Regulating Forced Arbitration in Consumer Financial Services: Re-Opening the Courthouse Doors to Victimized Consumers
Posted: 13 Jun 2016
Date Written: May 1, 2016
Forced arbitration clauses have become almost unavoidable in contracts for financial services and products ranging form credit cards to private student loans. This report examines how the financial services industry uses these clauses to defeat consumers' rights and evade accountability for their wrongdoing.
As the report explains, the forced arbitration process harms consumers by relegating them from the civil justice system to an inferior forum for vindicating their rights. In contrast to the courts, forced arbitration tends to be secretive, less independent of industry, more prone to erroneous and arbitrary rulings, more likely to discourage the pursuit of claims with procedural barriers, and more likely to provide inadequate relief for compensating victims of corporate wrongdoing.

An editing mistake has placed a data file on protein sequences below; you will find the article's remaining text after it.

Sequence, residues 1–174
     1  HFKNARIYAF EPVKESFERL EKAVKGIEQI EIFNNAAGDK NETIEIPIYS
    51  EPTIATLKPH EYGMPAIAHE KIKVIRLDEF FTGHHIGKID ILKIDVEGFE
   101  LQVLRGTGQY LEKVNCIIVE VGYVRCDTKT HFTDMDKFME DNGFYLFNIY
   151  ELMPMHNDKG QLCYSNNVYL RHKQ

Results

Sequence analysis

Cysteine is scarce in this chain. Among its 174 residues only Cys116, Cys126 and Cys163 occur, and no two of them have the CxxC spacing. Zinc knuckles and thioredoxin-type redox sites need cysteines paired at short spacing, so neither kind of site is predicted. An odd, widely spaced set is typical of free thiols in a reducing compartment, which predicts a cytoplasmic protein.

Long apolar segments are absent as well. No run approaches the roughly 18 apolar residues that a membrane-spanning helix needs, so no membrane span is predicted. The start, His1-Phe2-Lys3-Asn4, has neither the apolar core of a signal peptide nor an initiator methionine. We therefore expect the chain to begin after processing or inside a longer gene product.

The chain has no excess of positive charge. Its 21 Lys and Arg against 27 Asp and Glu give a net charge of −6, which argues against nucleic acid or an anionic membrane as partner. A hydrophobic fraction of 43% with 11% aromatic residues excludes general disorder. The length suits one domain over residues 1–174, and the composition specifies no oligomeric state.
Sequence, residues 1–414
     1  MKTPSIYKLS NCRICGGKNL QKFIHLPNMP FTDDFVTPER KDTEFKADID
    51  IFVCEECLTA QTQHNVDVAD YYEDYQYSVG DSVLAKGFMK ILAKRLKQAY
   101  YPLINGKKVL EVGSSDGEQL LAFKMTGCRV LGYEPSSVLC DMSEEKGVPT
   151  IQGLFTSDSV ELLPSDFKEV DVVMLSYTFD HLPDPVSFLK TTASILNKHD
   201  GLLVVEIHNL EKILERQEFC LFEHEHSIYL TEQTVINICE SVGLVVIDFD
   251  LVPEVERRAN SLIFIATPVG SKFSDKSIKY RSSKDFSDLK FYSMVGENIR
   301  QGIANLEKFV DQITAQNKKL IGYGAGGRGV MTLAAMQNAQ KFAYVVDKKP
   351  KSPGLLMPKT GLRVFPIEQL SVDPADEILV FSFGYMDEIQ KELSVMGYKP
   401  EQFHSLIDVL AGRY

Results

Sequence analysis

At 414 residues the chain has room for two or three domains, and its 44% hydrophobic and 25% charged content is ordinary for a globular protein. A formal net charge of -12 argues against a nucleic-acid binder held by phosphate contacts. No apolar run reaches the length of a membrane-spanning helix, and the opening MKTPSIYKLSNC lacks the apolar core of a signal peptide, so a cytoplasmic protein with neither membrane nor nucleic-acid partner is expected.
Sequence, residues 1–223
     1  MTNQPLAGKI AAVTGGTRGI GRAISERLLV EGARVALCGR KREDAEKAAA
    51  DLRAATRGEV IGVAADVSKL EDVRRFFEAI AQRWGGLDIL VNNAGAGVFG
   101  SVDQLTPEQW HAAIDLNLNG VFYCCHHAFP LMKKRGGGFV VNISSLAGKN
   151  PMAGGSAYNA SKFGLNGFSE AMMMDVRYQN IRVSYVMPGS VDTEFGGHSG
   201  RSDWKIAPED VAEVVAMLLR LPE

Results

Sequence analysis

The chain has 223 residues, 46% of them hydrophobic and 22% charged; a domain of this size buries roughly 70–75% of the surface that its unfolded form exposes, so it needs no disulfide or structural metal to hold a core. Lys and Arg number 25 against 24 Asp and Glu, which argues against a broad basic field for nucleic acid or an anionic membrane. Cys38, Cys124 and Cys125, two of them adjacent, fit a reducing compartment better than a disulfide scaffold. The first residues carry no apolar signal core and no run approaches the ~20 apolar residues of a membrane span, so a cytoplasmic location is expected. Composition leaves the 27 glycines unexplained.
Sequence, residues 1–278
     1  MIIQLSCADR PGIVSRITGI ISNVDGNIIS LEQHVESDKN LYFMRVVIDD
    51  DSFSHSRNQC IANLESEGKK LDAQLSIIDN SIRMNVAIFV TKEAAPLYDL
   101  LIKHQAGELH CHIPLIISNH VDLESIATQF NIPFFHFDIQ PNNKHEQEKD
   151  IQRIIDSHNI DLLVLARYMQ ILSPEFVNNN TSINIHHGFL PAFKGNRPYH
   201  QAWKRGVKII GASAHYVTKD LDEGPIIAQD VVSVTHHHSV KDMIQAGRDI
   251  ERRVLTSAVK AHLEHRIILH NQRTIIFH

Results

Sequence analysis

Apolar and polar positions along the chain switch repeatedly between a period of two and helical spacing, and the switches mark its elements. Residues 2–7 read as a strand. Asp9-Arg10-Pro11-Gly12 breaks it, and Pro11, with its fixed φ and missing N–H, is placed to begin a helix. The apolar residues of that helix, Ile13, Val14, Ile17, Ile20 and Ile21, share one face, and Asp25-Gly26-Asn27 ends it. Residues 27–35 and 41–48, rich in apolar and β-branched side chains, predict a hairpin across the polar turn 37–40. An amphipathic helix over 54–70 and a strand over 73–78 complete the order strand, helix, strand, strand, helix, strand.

The report examines the 2016 proposal by the Consumer Financial Protection Bureau (CFPB) to limit the use of forced arbitration clauses in contracts for financial services and products, and finds that the proposal is consistent with the agency's statutory obligation to protect consumers. The report goes on to explain that the CFPB would better fulfill its statutory mandate by revising its proposal to include stronger protections for consumers.
Keywords: Access to Courts, Civil Justice, Arbitration, Class Action, Cost-Benefit Analysis, Consumer Rights, Corporate Accountability
JEL Classification: D18, D6, D61, D63, D78, G21, G28, G38, K12, K2, K23, K41, K42
Suggested Citation: Suggested Citation